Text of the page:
High gas prices and grocery bills are two factors in pocketbook pain may have trumped Tulsa Community College's big plans for growth. On Tuesday, Tulsa County voters rejected a $76 million bond issue for TCC. The News On 6's Jeffrey Smith reports school administrators feel the decision from voters is a catch 22.
They say the economy led to the vote, but those same economic problems are fueling enrollment increases. And now, some faculty members are speaking out.
TCC asked voters to approve a bond-and-millage increase on Tuesday. And, for the first time in the school's 40 year history, Tulsa County voters said no.
"It makes me sad. There were only 115 people that voted where I voted yesterday," said TCC instructor Kasty France.
"Gas prices, and high food prices that people were experiencing, I think, factored in a large way," said TCC President Tom McKeon.
The school's president says that since the election was called 60 days ago, gas prices have jumped 50 cents a gallon.
"Our southeast campus is over capacity right now, and we wanted to expand medical programs at the metro campus. And, we won't be able to expand those programs because we needed the additional space to do that," said TCC President Tom McKeon.
TCC basically has to preserve the status-quo. No new degrees, no new classrooms, no expanded campuses. But, because money's so tight, the school will examine the possibility of cutting some programs including Tulsa Achieve, which right now provides tuition-reduced or tuition-free rates for Tulsa County students.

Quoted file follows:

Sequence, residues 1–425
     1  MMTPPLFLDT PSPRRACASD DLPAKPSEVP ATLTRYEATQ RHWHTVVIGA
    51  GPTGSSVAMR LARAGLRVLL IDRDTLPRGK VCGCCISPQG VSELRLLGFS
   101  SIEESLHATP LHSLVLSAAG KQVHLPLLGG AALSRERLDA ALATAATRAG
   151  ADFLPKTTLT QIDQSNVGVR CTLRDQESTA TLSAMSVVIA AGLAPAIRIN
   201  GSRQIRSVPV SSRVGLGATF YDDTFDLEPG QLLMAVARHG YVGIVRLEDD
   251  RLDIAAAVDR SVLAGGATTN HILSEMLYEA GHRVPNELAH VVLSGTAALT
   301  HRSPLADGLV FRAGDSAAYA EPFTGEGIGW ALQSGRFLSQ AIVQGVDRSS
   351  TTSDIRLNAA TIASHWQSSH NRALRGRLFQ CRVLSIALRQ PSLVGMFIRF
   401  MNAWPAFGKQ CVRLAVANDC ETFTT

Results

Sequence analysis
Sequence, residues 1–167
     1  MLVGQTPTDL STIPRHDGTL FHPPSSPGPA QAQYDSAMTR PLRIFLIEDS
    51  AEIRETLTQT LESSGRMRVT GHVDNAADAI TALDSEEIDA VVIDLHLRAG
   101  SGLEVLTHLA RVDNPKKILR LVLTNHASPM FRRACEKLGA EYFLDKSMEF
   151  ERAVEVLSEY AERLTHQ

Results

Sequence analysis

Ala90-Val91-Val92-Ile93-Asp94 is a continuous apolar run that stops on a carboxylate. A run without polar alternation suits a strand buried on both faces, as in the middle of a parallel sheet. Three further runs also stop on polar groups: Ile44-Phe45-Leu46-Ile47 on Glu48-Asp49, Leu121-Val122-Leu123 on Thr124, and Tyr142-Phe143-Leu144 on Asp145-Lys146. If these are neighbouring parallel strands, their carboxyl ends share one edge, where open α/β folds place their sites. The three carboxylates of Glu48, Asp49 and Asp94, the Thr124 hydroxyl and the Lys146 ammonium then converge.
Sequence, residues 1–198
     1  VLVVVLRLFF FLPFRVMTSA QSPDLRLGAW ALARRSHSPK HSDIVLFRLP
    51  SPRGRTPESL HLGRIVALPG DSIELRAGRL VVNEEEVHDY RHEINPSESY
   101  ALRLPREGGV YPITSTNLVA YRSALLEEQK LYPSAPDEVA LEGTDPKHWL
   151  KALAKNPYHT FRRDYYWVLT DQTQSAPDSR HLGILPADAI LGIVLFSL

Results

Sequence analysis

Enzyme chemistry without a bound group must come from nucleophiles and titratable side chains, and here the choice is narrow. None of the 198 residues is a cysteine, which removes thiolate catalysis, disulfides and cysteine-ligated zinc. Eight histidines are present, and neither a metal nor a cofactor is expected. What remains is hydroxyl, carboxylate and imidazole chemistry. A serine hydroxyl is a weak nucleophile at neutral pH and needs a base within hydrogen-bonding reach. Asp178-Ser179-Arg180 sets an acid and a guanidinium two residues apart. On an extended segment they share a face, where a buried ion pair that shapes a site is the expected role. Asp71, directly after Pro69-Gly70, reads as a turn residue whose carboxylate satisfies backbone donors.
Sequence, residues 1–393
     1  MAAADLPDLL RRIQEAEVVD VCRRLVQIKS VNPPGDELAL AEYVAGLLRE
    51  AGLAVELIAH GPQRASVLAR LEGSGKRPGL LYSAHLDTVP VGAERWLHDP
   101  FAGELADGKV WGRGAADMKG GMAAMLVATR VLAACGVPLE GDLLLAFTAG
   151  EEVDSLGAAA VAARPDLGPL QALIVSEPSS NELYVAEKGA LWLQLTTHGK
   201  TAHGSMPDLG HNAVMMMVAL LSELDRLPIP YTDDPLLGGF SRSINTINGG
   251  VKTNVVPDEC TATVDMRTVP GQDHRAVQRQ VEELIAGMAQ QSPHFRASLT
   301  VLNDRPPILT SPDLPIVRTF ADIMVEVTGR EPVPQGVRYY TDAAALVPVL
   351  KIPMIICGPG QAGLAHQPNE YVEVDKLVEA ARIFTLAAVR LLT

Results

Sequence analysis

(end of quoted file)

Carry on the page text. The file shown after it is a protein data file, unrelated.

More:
"It makes for a really diverse classroom, and it's exciting that people that wouldn't normally be here are here. We had 1,200 students that weren't here last year, here this year, because of Tulsa Achieves," said TCC instructor Kasty France.
Administrators say the program's safe for now, but the fact is they need more space.
"It would've made things a lot better for students. We woulda had more resources and better classrooms," said TCC student Brian Hixson.
Students say they understand why enrollment's expected to grow by 25%.
"Not as many people are going to be able to go off to OU, OSU, and all that. They can't afford it," said TCC student Brian Hixson.
"It would be great to think that anybody that could go to college was. That would be just an incredible thing for Tulsa, and for Oklahoma," said TCC instructor Kasty France.
The bond and the millage votes were put on the same ballot. President McKeon says they might put the millage proposal before the voters again in a few months.